THE EDITOR: “If life was a thing that money could buy, the rich would live and the poor would die. But blessed be the Lord who made it so, both shall live and both shall die.”
Those words, from my venerable next-door neighbour, kept ringing in my ears as I read the extremely sad story of the triple murders in Penal. Two survivors, an eight-year-old boy and a three-year-old girl, lived among the dead bodies for almost five days.
Now comes conflicting stories, from the police that the children were well fed and clean, and from the grandfather that the children were starving and dehydrated.
Autopsies showed that all of the victims’ throats were slit while one was also shot twice.
Did the children witness these horrific acts? Can anyone of us imagine the post traumatic stress disorder those children will have to endure in years to come?
It is clear that, as a nation, we are spiralling towards a future of inanity.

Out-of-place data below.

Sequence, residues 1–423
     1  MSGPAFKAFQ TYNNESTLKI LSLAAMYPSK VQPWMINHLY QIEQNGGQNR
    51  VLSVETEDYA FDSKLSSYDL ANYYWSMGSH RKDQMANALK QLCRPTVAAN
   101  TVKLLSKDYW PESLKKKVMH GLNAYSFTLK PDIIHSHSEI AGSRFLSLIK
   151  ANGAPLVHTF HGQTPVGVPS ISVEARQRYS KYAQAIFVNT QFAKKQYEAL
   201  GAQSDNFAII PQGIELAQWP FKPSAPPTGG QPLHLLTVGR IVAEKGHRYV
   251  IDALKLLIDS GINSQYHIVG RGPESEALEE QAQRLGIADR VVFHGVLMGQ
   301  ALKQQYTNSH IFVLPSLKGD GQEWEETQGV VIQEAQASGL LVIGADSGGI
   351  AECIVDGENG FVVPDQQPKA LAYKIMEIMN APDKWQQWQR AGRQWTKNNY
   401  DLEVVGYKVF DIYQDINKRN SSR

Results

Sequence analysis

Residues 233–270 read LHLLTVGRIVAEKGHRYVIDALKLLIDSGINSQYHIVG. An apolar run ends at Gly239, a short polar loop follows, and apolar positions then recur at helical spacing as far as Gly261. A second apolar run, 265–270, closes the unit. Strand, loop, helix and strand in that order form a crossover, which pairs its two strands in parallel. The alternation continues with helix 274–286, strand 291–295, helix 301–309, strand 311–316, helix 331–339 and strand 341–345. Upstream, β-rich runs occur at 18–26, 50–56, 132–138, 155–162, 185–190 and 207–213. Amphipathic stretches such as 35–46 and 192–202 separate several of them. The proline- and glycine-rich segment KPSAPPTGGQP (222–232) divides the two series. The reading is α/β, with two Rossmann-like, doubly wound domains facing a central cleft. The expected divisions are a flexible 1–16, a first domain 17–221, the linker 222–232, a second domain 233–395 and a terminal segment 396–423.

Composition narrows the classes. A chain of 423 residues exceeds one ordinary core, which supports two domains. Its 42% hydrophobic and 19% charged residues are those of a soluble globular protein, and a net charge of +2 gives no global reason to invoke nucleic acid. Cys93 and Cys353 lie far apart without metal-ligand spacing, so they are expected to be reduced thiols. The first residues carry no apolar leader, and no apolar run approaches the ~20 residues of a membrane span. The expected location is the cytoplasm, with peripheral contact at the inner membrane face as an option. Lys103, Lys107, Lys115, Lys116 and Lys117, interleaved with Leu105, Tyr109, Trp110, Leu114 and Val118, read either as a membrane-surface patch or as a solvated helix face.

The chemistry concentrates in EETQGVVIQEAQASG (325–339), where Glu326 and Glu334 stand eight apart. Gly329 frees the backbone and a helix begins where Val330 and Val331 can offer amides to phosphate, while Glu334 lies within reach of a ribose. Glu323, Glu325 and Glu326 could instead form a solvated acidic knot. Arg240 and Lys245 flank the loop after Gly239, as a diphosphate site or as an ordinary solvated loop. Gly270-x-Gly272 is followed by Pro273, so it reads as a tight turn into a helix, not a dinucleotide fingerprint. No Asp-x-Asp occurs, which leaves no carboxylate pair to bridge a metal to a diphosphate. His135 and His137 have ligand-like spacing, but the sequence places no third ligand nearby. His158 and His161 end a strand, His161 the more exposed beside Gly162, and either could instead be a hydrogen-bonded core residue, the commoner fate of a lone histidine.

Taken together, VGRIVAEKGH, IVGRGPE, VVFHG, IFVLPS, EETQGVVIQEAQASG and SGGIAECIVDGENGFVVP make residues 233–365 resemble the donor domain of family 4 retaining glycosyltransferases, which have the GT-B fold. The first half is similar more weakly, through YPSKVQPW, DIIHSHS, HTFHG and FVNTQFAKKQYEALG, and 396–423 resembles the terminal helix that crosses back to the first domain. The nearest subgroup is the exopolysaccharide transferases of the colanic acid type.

Meanwhile, our hard-working Commissioner of Police just gave a comprehensive account of his stewardship in his first year. He trotted out some impressive looking statistics of preventive police action and policies that were put in place.
However, there was no mention of the overall police detection rate with respect to murders.
Former acting police commissioner Stephen Williams has said that in 2017, the overall detection rate was 31 per cent, while in 2016 it was 23 per cent. The target for 2017 was 30 per cent. No target was set for 2018.
One can only assume that he was referring to the murder rate and not to overall crime.
Griffith is right about one thing. A government cannot be giving contracts to known gang leaders and expect the police to clean up its mess after.
A clear reduction in crime in TT requires extraordinary effort from all concerned.
LINUS F DIDIER